Sunday, May 27, 2012


Karaoke Bars are the worst. Such good words separately, but together they conjure an image of hellish musical awfulness, jabbing elbows, bachelorette parties crammed on tiny stages screaming along to Sir Mix-a-Lot. And if a live band's up there, they probably hate you even if you nail whatever song you're singing.

I much prefer the Asian method: rather than shoving you onstage in front of a roomful of anonymous drunks, it shoves you onstage in front of a roomful of drunks you know and love. I've seen folks who wouldn't dare sing at Trader Todd's hit the high F in a Karaoke Box. Better food, cheaper drinks, and of course you get to sing more often--because let's be honest, no one at a karaoke bar is there to see strangers sing.

I like Karaoke Boxes for another reason. Tottering down the hall for a pit stop in the bathroom or another order of drinks at the bar, you can glance into each room and see freedom in microcosm. People, whether in groups of 2 or groups of 50, totally letting go of their self-consciousness if only for one glorious evening. Moms screaming Gin and Juice. Frat guys singing A Whole New World without mockery or irony. An entire room of friends linked arm-in-arm howling the "NA NA NA NA NA NA" section of Drops of Jupiter in perfect, loving, discordant harmony.

You don't get those charming little boxes at a karaoke bar. You get people watching impatiently and paying too much for their beer.

Corpses can be interesting! I would not begrudge that Chinese man his enthusiasm. On that note: how bizarre and awesome is it that there are competing forms of dead people infotainment?
...buuuuut yeah, that does sound a tad overwhelming. You lost me somewhere around "submerged." Maybe sketch a frowny stick figure with X-es for eyes?

Sunday, May 20, 2012

Everything is Ruined Forever

The other day I read a charming, slow-paced manga called Usagi Drop. It's about a bachelor who decides to raise an orphaned girl. Very good take on the changes that come with raising a child, with light overtones of romance between the foster father and another child's mother.

And then I read the second half of it, wherein the foster daughter falls in love with and eventually marries the foster father. God damn it, Japan. Gettin' all Tale of Genji up in my mellow slice-of-life comic books.

At first I thought the entire manga was ruined, but I eventually reminded myself: even the crappy, baffling ending couldn't retroactively ruin how much I enjoyed the rest of the story.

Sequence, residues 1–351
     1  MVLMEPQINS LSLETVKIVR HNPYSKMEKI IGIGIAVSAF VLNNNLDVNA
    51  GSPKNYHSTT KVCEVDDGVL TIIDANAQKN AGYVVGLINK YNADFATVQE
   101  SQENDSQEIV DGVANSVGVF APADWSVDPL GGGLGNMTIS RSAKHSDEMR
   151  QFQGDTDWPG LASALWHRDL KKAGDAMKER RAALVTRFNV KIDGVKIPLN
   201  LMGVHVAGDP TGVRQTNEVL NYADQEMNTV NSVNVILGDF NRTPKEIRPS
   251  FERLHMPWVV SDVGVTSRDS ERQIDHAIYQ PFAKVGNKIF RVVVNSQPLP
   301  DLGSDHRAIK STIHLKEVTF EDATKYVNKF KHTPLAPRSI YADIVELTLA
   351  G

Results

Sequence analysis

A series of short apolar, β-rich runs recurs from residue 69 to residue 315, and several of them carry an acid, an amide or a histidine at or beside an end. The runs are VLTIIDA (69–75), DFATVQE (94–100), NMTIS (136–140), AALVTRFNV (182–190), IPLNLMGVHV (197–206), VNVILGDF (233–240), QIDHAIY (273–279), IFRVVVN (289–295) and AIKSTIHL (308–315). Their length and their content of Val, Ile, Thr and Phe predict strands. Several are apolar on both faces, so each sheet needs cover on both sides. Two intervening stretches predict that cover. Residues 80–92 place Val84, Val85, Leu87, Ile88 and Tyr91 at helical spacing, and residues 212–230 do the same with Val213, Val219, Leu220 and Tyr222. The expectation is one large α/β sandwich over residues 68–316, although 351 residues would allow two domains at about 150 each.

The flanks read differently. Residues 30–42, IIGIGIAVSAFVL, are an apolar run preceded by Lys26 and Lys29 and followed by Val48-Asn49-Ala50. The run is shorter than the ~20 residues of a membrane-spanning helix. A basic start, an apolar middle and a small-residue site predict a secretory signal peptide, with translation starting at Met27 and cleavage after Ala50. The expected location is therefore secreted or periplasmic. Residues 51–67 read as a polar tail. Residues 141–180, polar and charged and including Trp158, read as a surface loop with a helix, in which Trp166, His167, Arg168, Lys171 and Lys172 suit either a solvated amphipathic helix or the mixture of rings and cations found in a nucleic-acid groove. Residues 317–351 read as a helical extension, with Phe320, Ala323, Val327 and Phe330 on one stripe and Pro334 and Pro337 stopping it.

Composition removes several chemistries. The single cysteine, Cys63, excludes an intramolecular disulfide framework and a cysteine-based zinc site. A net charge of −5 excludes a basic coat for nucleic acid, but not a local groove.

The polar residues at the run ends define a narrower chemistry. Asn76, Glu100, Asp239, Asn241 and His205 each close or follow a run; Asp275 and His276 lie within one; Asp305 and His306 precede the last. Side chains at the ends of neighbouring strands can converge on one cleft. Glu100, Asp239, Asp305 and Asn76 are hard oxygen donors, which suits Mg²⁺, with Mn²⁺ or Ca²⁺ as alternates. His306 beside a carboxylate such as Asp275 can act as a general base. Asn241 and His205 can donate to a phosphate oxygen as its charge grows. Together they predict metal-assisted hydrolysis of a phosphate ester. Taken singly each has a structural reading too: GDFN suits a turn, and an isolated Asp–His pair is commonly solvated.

The author even has a nice middle-point before she timeskips to the pseudo-incest in the foster child's teen years. I can just pretend that's the ending. Wish I could say I've learned something about letting go of rage over stories going the way I don't want 'em to, but naw. That'd mean I couldn't hate on Lucas for ruining Star Wars anymore.

Jess, I think your mom knows about your dying bicycle derring-do now. Sorry about that.

I never had any trouble biking in Wrigleyville. Although once, at a stoplight, a frat guy leaned out of his jeep and said "hey dude! Nice ass!"

I called out "thanks bro" as I rode away. I'm not sure he was expecting that response.

Sunday, May 13, 2012

Dother's May

When I was young, I had a habit of waking up in the middle of the night, convinced horrible creatures swarmed around my bunk bed. I'm sure the beady, watching eyes of a dozen stuffed animals--including one ET doll--placed across from the bed had nothing to do with this phenomenon. I took to keeping a flashlight in my blankets, convinced the little glowing halo was enough to cut through the darkness of my own imagination, but I'm pretty sure you could give the 7-year-old me a floodlight and he'd still be afraid of the shadows.

In nearly every case, I'd make it halfway down the hall before my mom intercepted me, eyes full of weary understanding and arms full of comfort. Sometimes I'd sleep with her, sometimes I'd get whatever midnight snack would mollify me, and sometimes she'd calm me down and walk me back to bed. One of these many nights, as she tucked me in, I asked her: how do you know to come for me? What if I'm scared or not safe and you can't hear me calling for you?

No worries, she explained, tapping a finger against her temple. She had a special antenna inside her head. Every mom gets one when she has her first baby. Any time a child is scared, or hurting, or needs a hug, that antenna buzzes. She could follow the buzz straight to me no matter where I was. She had her own Mom Radar.

I've grown a bit (not much) since I was 7. I now know, intellectually, that mom does not have Spidey-Sense or a bluetooth antenna inside her skull. But I'm still pretty sure that if terrorists ever kidnap me during my honeymoon, or I find myself reliving that James Franco movie, my mom will sit bolt upright somewhere and start making phone calls.

So this entry is for her. The woman so patient she could survive raising 5 loud, crazy boys (but so sharp she can get all of us in line with a look); so fun I still ask her for advice about throwing parties; and so good that if I tried to convey in the amount of words it deserved, I'd overload Blogger's meager servers. Happy Mother's Day, Mom. That is, assuming you've managed to find this blog. :)